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Nearly 17,000 People Turned Lives Over to Christ After Watching New Film

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The Harvest Crusade is one of the single largest annual Christian outreach events.

For those living in California, the flyers, bumper stickers and billboards are a constant reminder of the modern-day revival efforts.

In a world where information is available at the press of a button, it seems strange that people would still not know about God — but there is a key difference between knowing about God and actually knowing God, a gap that the Harvest Crusade seeks to bridge every year.

Started in 1990 by Pastor Greg Laurie, Harvest sprang out of a small gathering of Christians as part of a Bible study. It has since grown into a huge yearly event that many people look forward to.

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“Looking back, I can see God’s hand at work from the very beginning,” Laurie said, according to Harvest.org. “It has always been a part of God’s plan for us to know Him and make Him known.”

Considering the state of the world this year, the Harvest Crusade had to pivot to continue online for its 2020 event.

What could have been a crutch (missing that vital in-person experience and person-to-person contact) became a strength, and this year’s Harvest Crusade broke all attendance records.

According to the Harvest website, the previous largest event was in 2016, with a record-breaking 350,000 in attendance. This year, as a streaming event, Harvest saw 1.8 million remote attendees, and according to Greg Laurie’s Twitter account, 16,941 professions of faith have been made as a result.

The film that was the crux of the event, “A Rush of Hope,” offers “answers to life’s questions” — something many people are considering these days.

Questions such as “Why am I here,” “What happens after I die” and “Is there hope for today?” are addressed, according to CBN.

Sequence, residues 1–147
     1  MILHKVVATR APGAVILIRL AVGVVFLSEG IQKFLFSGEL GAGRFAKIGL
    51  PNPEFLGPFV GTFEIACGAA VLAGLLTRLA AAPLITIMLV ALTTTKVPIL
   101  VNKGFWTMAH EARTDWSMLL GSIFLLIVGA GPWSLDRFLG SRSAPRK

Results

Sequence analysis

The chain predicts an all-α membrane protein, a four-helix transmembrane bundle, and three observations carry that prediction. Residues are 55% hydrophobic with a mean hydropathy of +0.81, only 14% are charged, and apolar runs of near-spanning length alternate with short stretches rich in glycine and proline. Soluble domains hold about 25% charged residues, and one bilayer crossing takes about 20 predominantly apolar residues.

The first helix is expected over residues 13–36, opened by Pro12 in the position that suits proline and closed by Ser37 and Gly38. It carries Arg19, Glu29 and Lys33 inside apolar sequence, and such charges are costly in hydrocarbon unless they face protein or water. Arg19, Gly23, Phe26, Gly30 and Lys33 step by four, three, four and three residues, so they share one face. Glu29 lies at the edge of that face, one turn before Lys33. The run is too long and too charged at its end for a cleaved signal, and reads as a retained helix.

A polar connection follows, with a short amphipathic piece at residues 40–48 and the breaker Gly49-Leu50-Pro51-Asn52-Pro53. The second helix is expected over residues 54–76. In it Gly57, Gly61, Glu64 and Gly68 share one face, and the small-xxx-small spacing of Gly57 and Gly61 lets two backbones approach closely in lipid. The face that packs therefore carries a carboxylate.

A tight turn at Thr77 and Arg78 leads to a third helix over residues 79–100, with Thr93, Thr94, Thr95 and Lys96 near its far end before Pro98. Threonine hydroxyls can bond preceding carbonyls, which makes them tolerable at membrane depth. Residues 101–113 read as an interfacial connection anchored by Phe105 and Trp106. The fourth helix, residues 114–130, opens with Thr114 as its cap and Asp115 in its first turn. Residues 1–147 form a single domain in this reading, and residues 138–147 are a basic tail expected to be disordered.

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“A Rush of Hope” features scenes from Christian movies as well as music from Christian artists Jeremy Camp, For King & Country and MercyMe.

“We are breaking every record we have ever set in our history,” Laurie said in a video posted to social media Monday.

“In a year of never-ending bad news, this is the best news we have heard,” he said, according to CBN. “It’s a reminder that God is greater than a pandemic or any other challenge we are facing.

“He can do above and beyond anything we can dream, and he is still transforming lives.”

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Amanda holds an MA in Rhetoric and TESOL from Cal Poly Pomona. After teaching composition and logic for several years, she's strayed into writing full-time and especially enjoys animal-related topics.
As of January 2019, Amanda has written over 1,000 stories for The Western Journal but doesn't really know how. Graduating from California State Polytechnic University with a MA in Rhetoric/Composition and TESOL, she wrote her thesis about metacognitive development and the skill transfer between reading and writing in freshman students.
She has a slew of interests that keep her busy, including trying out new recipes, enjoying nature, discussing ridiculous topics, reading, drawing, people watching, developing curriculum, and writing bios. Sometimes she has red hair, sometimes she has brown hair, sometimes she's had teal hair.
With a book on productive communication strategies in the works, Amanda is also writing and illustrating some children's books with her husband, Edward.
Location
Austin, Texas
Languages Spoken
English und ein bißchen Deutsch
Topics of Expertise
Faith, Animals, Cooking




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